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#40 in Command-line interface

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xflags provides a procedural macro for parsing command line arguments.

It is intended for use in development tools, so it emphasizes fast compile times and convenience at the expense of features.

Rough decision tree for picking an argument parsing library:

  • if you need all of the features and don't care about minimalism, use clap
  • if you want to be maximally minimal, need only basic features (eg, no help generation), and want to be pedantically correct, use lexopt
  • if you want to get things done fast (eg, you want auto help, but not at the cost of waiting for syn to compile), consider this crate.

The secret sauce of xflags is that it is the opposite of a derive macro. Rather than generating a command line grammar from a Rust struct, xflags generates Rust structs based on input grammar. The grammar definition is both shorter and simpler to write, and is lighter on compile times.

Here's a complete example of parse_or_exit! macro which parses arguments into an "anonymous" struct:

use std::path::PathBuf;

fn main() {
    let flags = xflags::parse_or_exit! {
        /// Remove directories and their contents recursively.
        optional -r,--recursive
        /// File or directory to remove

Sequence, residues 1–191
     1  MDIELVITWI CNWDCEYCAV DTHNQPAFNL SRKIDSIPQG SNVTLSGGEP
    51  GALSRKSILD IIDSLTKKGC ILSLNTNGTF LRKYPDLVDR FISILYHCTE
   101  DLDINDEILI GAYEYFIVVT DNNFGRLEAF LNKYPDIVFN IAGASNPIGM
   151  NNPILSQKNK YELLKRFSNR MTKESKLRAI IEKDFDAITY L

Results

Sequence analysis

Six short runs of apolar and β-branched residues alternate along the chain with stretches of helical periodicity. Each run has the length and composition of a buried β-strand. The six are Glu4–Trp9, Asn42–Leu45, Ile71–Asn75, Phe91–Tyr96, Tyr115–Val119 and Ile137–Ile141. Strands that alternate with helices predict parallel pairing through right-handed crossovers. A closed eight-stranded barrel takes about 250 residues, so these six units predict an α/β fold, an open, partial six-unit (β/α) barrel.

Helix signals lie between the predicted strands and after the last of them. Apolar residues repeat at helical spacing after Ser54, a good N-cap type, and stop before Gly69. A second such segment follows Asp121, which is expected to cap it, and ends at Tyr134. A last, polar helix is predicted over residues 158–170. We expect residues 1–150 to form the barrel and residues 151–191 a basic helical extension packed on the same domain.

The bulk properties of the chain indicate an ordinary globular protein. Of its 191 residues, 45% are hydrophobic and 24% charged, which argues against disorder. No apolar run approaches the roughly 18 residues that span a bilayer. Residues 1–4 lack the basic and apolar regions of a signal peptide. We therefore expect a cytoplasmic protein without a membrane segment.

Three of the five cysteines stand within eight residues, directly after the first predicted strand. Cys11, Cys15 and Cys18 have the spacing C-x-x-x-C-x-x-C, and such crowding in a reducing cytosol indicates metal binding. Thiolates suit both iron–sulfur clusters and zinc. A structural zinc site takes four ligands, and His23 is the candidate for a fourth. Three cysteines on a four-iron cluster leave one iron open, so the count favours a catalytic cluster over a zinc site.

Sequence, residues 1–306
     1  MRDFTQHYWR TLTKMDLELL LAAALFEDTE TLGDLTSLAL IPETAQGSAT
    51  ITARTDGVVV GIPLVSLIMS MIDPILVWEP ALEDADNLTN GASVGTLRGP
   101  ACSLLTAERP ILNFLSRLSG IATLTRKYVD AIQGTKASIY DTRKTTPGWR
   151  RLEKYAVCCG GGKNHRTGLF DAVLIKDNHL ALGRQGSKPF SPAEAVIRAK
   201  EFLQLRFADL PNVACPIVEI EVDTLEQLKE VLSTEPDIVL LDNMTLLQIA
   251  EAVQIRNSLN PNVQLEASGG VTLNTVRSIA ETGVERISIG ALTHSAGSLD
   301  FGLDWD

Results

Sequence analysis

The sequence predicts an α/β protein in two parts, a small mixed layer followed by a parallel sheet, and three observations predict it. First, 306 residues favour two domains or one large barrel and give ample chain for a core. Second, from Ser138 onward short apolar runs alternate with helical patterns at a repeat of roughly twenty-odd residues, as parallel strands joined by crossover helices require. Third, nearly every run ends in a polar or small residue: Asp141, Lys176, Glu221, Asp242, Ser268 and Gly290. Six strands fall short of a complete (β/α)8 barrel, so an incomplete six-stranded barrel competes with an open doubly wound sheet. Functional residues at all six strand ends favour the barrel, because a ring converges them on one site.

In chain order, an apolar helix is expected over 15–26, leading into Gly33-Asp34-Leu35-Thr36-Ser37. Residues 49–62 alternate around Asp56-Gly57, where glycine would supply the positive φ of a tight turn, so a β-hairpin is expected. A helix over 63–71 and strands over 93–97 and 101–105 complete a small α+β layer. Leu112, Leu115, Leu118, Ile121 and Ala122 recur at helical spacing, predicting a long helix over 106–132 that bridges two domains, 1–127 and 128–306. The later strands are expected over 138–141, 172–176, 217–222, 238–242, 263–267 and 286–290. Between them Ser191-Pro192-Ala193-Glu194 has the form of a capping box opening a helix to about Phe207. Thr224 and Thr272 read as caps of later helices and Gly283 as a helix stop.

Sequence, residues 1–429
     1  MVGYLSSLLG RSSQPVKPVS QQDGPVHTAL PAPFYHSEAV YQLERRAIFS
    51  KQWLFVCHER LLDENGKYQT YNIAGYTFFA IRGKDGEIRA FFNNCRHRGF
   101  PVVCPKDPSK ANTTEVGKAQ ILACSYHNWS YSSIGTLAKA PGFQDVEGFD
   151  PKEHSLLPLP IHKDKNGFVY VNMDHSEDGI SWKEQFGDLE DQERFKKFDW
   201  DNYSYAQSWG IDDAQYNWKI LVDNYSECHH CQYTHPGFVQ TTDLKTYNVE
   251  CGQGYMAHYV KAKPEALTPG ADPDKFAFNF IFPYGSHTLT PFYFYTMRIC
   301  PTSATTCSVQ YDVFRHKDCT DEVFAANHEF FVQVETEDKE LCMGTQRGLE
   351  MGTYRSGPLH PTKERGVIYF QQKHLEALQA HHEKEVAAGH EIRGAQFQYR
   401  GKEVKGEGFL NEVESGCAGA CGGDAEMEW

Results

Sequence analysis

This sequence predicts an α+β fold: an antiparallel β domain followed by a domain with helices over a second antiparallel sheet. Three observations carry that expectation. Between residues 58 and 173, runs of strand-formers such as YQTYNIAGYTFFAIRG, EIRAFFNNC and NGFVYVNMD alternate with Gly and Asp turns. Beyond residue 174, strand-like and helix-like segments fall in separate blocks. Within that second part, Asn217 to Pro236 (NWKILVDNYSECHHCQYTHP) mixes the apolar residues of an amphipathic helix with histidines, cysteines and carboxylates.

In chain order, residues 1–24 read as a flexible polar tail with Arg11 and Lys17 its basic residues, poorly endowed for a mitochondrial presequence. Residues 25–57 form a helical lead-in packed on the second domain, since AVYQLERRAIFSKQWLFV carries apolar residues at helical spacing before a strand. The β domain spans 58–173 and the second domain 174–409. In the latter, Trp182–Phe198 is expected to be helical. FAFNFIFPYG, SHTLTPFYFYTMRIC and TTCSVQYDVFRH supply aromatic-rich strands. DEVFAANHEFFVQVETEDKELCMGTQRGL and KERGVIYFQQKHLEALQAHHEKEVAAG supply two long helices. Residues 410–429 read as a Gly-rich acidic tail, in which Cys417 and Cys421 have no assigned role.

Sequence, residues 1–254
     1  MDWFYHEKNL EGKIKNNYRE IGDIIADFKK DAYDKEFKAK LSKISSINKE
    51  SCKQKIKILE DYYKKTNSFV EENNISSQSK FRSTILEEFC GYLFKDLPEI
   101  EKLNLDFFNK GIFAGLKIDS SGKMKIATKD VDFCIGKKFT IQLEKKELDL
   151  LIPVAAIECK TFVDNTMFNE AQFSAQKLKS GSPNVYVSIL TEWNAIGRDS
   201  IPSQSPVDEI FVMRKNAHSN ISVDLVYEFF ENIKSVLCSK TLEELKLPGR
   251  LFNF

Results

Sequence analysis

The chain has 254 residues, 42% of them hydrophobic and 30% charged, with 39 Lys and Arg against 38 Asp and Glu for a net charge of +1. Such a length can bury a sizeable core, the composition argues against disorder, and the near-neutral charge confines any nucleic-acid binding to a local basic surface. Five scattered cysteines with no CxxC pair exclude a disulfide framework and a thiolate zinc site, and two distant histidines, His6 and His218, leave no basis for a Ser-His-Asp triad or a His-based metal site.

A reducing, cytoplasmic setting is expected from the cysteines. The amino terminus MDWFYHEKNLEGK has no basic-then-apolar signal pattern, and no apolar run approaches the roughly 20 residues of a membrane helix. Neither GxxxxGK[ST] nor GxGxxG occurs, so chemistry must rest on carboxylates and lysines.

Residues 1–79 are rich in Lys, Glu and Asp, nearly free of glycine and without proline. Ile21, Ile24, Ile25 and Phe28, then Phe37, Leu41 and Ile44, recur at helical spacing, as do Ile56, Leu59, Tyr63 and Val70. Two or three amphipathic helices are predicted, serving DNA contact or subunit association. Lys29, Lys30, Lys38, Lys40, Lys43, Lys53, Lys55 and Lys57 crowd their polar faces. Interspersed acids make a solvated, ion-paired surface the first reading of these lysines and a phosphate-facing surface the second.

required path: PathBuf
    };

    println!(
        "removing {}{}",
        flags.path.display(),
        if flags.recursive { "recursively" } else { "" },
    )
}

The above program, when run with --help argument, generates the following help:

Usage:  <path> [-r] [-h]
Arguments:
  <path>               File or directory to remove

Options:
  -r, --recursive      Remove directories and their contents recursively.
  -h, --help           Prints help

Commands:
  help                 Print this message or the help of the given subcommand(s)

For larger programs, you'd typically want to use xflags! macro, which generates named structs for you. Unlike a typical macro, xflags writes generated code into the source file, to make it easy to understand the rust types at a glance.

mod flags {
    use std::path::PathBuf;

    xflags::xflags! {
        src "./examples/basic.rs"

        cmd my-command {
            required path: PathBuf
            optional -v, --verbose
        }
    }

    // generated start
    // The following code is generated by `xflags` macro.
    // Run `env UPDATE_XFLAGS=1 cargo build` to regenerate.
    #[derive(Debug)]
    pub struct MyCommand {
        pub path: PathBuf,
        pub verbose: bool,
    }

    impl MyCommand {
        pub fn from_env_or_exit() -> Self {
            Self::from_env_or_exit_()
        }
        pub fn from_env() -> xflags::Result<Self> {